Jump to content

Recommended Posts

This is one of the best podcast I ever listened to on veganism and nutrition in general. Much of the disinformation is discussed by a vegan dietician who is absolutely unbiased in her judgments. Too often nutrition sounds more like politics, different groups clinging to ideologies and not evidence. A refreshing insight.



Link to comment
Share on other sites

Meh, even vegans outperform vegetarians on all-cause-mortality




4.2. Long Term Health Outcomes

Estimating the long-term health outcomes of eating certain things is difficult because food is highly bound up in the culture we live in and culture correlates to just about every health outcome you could possibly imagine. Even less conveniently, nutritional science is highly anti-inductive; if a particular food group is identified as being healthy people with an interest in being healthy flock to that food group, and people with an interest in being healthy are likely to be healthy for a bunch of reasons regardless of diet.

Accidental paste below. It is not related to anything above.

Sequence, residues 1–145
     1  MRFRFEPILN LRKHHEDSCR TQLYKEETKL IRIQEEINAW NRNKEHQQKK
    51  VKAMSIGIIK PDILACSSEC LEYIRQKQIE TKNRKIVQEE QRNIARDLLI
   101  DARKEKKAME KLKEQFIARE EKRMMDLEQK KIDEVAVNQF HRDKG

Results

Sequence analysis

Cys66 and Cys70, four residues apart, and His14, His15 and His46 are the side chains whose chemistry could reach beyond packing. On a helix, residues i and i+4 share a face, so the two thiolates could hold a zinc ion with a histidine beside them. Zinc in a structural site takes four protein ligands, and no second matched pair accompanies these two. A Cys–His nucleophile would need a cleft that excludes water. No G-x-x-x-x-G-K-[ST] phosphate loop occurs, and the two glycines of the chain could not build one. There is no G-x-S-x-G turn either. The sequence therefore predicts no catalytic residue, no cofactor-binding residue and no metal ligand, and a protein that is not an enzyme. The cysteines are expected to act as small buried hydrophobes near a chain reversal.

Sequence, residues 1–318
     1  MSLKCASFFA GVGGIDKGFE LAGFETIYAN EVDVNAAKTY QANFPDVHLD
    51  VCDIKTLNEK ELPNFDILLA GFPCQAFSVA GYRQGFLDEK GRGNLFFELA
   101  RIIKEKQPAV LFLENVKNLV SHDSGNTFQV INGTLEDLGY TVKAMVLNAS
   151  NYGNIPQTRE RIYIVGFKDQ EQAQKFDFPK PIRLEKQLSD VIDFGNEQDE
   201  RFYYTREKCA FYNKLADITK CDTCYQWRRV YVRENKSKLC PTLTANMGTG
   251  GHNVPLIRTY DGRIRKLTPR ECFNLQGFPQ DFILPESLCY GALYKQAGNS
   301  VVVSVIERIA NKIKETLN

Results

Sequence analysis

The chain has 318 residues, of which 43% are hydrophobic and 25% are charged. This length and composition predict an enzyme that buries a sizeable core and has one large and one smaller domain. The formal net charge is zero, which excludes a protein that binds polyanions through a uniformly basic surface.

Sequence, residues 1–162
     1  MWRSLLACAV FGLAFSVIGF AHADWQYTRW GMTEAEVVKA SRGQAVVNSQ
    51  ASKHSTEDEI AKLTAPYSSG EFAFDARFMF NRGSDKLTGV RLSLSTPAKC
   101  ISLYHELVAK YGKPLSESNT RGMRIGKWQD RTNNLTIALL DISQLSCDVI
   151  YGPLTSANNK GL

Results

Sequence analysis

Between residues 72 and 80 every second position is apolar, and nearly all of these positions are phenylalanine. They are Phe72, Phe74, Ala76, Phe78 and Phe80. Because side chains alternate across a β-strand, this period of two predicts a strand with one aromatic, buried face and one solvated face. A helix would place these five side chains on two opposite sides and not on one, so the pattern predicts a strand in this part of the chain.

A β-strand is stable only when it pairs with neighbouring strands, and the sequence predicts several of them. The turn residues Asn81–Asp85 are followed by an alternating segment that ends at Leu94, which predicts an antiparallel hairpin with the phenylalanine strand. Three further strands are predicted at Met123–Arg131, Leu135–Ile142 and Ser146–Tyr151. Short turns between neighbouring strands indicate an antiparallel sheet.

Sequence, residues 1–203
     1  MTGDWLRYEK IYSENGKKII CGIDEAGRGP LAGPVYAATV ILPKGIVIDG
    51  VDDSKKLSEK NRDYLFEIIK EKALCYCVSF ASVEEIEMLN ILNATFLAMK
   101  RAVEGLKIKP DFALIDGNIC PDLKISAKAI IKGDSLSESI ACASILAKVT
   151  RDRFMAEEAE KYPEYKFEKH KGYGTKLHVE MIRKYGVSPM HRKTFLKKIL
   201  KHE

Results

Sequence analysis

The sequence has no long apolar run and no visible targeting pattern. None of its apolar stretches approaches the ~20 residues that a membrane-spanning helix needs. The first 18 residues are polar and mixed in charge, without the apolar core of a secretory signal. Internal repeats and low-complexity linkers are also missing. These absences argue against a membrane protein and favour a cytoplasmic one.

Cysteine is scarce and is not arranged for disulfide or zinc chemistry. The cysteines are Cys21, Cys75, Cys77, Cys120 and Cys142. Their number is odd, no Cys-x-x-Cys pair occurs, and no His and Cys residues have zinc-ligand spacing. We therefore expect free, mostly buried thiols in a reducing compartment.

So here’s a nice headline result: vegetarians have less heart disease with extremely high certainty, and probably less cardiovascular disease and cancer too. Most of the studies in that meta-analysis have had some of the really obvious stuff adjusted away (race, income, etc.) but not all studies adjust for all confounders, and we should be cautious about trusting studies that ‘adjust for confounders’. If you ignore confounders then the answer is clear; eating vegetarian is good for you in every single way we can measure (including, possibly, circulating testosterone in defiance of stereotypes about meat eaters!).